I’m sure we’ve all heard it a million times: when we’re all pessimistic and depressed, people tell us “It could be worse” and “count your blessings.”
Have you ever tried to count your blessings? I have. In my experience, it only actually makes you feel good if you were feeling pretty good to begin with. When I’m feeling depressed, the list starts to look like, “Well, I don’t have my health, so not that. My parents are still alive–and I’m living with them. I have money for food–but not to get my own place. I have green in the spring–but it’s fall now–and squirrels and birds and… welp, I’m out of ideas.” When something really bad is hanging over me, it seems like that one big bad thing tends to overshadow fifty blessings and make them all look really small.
Would you rather fight one horse-sized duck or 100 duck-sized horses?
Not to mention, if you have clinical depression or anxiety caused by brain chemicals, no amount of counting your blessings will get rid of those problems. They may get you into a better frame of mind, which may help, but counting your blessings isn’t a mental-health cure-all.
This morning my pastor preached on Thanksgiving, and it was something he said at the end that really got to me. He gave us some homework:
- Think of the thing that is bothering and exhausting and upsetting you the most in your life right now.
- Try to think of how God might be using that thing to bless you.
Now, clearly this approach requires a belief that God uses everything to bless you (fellow Christians: refer to Romans 8:28–“We know that in all things God works for the good of those who love him, who have been called according to his purpose”). However, plenty of religions believe something like this, and plenty of people who don’t consider themselves religious believe “everything happens for a purpose.” I’m phrasing it this particular way because I’m a Christian, so that’s how I’m applying this.
This approach says that when you count your blessings, you don’t start with things in your life that are obviously good. You start with the thing that is the absolute WORST.
Like cousin Ted. The WORST.
If you can figure out a way that the worst thing your life may actually be a blessing, you’re set.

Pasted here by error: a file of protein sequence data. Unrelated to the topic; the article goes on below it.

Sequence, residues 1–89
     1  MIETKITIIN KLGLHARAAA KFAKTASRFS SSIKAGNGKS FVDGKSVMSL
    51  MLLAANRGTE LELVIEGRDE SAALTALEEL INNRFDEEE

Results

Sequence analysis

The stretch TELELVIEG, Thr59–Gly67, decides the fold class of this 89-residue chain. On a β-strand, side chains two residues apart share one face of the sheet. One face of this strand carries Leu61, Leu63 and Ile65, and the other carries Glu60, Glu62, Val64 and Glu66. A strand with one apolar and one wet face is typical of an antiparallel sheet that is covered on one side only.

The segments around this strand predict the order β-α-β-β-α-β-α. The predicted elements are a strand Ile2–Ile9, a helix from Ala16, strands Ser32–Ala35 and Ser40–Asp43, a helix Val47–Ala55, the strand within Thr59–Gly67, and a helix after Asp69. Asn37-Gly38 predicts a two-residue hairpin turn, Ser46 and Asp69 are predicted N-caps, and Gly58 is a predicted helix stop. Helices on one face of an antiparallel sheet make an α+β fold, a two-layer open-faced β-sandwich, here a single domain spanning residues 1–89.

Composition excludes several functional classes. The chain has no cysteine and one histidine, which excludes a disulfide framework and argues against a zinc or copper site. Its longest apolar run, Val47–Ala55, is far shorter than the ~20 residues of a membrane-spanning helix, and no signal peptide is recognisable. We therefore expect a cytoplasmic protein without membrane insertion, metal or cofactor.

I also recommend you write it down somewhere. Hand-writing it is better than typing: studies have shown that we internalize and learn things better when we write them by hand. But I’m also going to type mine here.
- I’m depressed.
- I can’t find full-time work, which means I’m worried about money, my future, getting my own place, and getting some independence.
How they may be blessings
- I was HORRIBLY depressed a couple of days last week. It was AWFUL–probably the closest I’ve ever been to actually thinking about suicide. I think in retrospect it was a hormonal issue–because both times, it went away pretty quickly and completely after a few hours. Maybe God is teaching me that no matter how bad things get–with my depression, my other health issues, my life–they can and do always seem to get better again. I’ve known a few people who have had Lyme so badly that they thought they were going to die, but then they got a lot better and are now basically healthy. And actually, looking back, that also happened to me with my first big Lyme onset in college: I genuinely wondered if I was going to die. But I got better. It took time, but it happened, and I’ve never been that sick since. God is teaching me to have hope.
And not only this, but [with joy] let us exult in our sufferings and rejoice in our hardships, knowing that hardship (distress, pressure, trouble) produces patient endurance; and endurance, proven character (spiritual maturity); and proven character, hope and confident assurance [of eternal salvation]. Such hope [in God’s promises] never disappoints us (Romans 5:3-5a, Amplified Bible).
Insert requisite Monty Python reference here
- A former grad student came back to speak to us once about her search for non-academic work after grad school. One of the things she said was that it was a good idea to take a little break and decompress after graduation before going back to work. I kind of scoffed at the idea at the time. I mean, that’s fine for people who have a financial parachute, but not everybody can take time off like that. And I, for one, am the kind of person who is anxious about everything, so of COURSE I was going to look for a job right away! But I said to my therapist this week that I think part of my depression has been shock at leaving school. Even though I took a year off of school between undergrad and my master’s program, I knew for most of that time that I was applying for and would be going back to school. So for literally as far back as I can remember, I have been in school. And now I’m not. And that’s been weird. So maybe the reason why I haven’t found a full-time job yet is because I DESPERATELY needed a vacation–and God knows I was going to be take one of my own volition!
Now that I’m finally beginning to accept that even my curses may be blessings, I hope I may be able to put into practice the advice I saw on an old cross-stitch recently:
Relish with content what Providence has sent
NO, NOT THAT.